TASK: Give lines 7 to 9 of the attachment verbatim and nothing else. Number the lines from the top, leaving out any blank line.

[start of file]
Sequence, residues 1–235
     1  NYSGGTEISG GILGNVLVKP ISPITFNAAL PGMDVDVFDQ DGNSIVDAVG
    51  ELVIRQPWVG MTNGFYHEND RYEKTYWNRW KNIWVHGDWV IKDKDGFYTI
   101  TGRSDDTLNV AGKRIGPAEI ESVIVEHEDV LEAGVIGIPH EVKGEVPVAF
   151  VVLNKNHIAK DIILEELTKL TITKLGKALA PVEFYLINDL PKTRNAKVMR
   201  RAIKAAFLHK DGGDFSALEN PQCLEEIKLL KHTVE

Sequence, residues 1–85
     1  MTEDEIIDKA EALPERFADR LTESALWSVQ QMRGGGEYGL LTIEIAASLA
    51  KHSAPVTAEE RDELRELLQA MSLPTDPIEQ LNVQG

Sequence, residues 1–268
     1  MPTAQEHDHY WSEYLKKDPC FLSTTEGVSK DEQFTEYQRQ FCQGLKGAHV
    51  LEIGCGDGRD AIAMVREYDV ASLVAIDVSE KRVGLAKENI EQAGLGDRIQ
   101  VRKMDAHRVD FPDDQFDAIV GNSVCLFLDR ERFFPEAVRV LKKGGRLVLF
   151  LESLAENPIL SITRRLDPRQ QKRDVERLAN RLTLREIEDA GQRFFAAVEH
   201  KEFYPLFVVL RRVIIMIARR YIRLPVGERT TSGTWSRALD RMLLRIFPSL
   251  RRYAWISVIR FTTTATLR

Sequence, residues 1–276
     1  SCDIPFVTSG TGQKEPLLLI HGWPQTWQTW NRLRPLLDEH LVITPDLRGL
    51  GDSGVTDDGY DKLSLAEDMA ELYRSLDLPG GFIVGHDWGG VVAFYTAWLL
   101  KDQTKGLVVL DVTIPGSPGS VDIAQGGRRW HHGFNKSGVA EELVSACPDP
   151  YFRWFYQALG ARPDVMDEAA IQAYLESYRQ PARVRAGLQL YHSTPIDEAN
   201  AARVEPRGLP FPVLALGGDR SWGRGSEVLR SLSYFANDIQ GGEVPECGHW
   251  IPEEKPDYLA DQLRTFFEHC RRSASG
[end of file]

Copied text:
Sequence, residues 1–85
     1  MTEDEIIDKA EALPERFADR LTESALWSVQ QMRGGGEYGL LTIEIAASLA
    51  KHSAPVTAEE RDELRELLQA MSLPTDPIEQ LNVQG